CHICAGO - A novel cell therapy using retinal pigment epithelial (RPE) cells attached to tiny gelatin bead microcarriers implanted in the brain can improve the symptoms of patients with moderate to advanced Parkinsons disease (PD).
Rush University Medical Center neurosurgeon Dr. Roy A. E. Bakay and colleagues from Emory University, Atlanta found the therapy Spheramine was well-tolerated and patients experienced improvement in Parkinsonian symptoms (tremor, rigidity, slowness of movements, and impaired balance and coordination.) These findings were presented at the Annual Meeting of the American Association of Neurological Surgeons in Chicago on April 28, 2008.
The pilot study was initiated at Emory University Hospital and followed six patients with moderate to advanced PD to investigate the safety, tolerability, and efficacy of the Spheramine implantation. The full patient group has been evaluated for four years, and several have been monitored for six years. Bakay and colleagues report long-term improvement or stabilization of symptoms, maintained for a minimum of two years after Spheramine implantation. They note no Spheramine-related serious adverse events were reported and that the most frequent adverse event was postsurgical headache, which spontaneously resolved within one to two weeks.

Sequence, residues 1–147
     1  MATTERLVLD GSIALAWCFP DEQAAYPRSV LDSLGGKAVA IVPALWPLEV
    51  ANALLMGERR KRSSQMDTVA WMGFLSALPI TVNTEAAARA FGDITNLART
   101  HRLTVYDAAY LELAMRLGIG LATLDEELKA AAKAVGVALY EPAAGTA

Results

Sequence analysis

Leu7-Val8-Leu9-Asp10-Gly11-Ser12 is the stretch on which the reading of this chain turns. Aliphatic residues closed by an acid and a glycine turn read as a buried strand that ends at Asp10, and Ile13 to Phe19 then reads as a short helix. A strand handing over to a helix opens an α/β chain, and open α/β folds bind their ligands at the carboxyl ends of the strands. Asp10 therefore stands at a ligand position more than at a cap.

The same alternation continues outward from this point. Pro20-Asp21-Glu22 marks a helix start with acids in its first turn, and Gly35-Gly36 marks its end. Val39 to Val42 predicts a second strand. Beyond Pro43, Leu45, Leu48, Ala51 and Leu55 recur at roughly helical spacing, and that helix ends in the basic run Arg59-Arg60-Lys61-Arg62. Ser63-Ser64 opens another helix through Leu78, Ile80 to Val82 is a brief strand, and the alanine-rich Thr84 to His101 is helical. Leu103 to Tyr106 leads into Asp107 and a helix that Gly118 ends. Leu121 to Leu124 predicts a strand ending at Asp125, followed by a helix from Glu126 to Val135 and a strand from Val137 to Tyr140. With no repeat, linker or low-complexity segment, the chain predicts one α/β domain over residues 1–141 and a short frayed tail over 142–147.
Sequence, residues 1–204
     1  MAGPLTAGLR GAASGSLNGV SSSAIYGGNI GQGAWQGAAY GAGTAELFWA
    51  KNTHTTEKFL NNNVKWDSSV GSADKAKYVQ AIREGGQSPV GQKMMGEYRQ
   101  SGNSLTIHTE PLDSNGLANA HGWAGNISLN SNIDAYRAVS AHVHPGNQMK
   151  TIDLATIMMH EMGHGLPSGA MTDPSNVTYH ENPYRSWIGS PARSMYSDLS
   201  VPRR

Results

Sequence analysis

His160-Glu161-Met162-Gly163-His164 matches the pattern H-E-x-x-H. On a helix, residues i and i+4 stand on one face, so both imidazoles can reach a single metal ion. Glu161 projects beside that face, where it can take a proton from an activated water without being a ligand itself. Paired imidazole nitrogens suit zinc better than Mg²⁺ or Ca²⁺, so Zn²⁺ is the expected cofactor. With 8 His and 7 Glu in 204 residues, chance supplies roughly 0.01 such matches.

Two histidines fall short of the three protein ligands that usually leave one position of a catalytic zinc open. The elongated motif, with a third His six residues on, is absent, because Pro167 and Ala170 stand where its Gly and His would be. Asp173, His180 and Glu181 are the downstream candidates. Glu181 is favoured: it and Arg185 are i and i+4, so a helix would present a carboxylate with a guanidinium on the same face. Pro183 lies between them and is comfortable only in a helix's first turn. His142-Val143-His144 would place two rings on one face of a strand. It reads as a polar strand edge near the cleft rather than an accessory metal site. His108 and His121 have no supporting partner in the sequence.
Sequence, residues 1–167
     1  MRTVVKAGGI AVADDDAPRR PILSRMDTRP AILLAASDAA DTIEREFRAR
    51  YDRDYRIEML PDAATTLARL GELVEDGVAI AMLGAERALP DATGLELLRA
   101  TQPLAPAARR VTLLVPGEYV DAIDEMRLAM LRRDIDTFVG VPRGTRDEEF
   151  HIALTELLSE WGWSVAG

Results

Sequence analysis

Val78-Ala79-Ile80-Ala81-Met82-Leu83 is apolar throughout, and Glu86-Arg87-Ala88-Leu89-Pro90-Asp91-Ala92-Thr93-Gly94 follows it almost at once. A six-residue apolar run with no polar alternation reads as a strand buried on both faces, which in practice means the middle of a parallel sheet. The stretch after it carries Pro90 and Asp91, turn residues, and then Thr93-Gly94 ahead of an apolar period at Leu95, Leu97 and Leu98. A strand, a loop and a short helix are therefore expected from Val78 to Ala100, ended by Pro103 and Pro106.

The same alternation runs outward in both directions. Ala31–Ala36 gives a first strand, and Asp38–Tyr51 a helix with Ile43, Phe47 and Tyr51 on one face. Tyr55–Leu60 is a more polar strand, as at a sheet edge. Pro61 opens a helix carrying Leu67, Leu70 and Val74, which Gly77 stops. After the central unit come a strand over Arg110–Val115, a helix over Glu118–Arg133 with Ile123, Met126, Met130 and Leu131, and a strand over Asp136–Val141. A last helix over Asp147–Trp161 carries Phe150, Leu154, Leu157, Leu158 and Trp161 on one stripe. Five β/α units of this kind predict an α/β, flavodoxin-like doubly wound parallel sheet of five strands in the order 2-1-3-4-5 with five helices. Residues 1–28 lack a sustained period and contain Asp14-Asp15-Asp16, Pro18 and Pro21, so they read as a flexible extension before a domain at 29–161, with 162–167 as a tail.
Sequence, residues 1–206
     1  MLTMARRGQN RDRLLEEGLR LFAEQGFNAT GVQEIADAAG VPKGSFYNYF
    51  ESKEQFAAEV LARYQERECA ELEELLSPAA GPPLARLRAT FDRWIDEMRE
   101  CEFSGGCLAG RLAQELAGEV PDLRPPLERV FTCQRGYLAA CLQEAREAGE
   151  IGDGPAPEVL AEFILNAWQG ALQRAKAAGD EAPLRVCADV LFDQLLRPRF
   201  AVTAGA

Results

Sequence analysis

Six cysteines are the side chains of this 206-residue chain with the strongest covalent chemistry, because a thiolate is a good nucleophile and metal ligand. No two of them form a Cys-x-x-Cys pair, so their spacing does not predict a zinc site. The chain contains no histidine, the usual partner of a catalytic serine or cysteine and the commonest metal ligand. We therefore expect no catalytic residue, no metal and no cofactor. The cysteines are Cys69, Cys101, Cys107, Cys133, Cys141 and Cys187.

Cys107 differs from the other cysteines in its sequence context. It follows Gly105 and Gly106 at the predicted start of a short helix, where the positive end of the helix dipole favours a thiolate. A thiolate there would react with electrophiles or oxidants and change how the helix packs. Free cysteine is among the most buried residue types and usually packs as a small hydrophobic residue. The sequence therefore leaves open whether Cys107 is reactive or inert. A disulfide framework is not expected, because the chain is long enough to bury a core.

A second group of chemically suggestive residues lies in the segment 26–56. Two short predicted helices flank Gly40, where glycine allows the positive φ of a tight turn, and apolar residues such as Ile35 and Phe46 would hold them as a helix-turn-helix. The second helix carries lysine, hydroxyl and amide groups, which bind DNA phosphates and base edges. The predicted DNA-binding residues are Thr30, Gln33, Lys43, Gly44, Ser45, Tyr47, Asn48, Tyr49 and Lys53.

The results of this study are very encouraging Spheramine is well tolerated through several years of follow-up and improvement in parkinsonian symptoms is sustained, stated Bakay.
The cellular product Spheramine consists of RPE cells attached to microcarriers. RPE cells produce levodopa, the precursor of dopamine. Dopamine is a neurotransmitter produced by nerve cells in the brain that progressively declines as the disease progresses.
The RPE cells, which are normally found in the back of the eye, are cultured under standardized conditions and attached to the microscopic beads prior to implantation. The microcarriers are necess
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Rush University Medical Center